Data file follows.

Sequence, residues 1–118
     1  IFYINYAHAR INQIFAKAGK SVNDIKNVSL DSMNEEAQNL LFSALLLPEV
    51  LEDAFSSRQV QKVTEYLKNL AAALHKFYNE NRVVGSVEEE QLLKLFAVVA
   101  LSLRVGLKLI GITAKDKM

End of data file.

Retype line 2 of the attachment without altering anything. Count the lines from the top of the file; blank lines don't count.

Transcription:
     1  IFYINYAHAR INQIFAKAGK SVNDIKNVSL DSMNEEAQNL LFSALLLPEV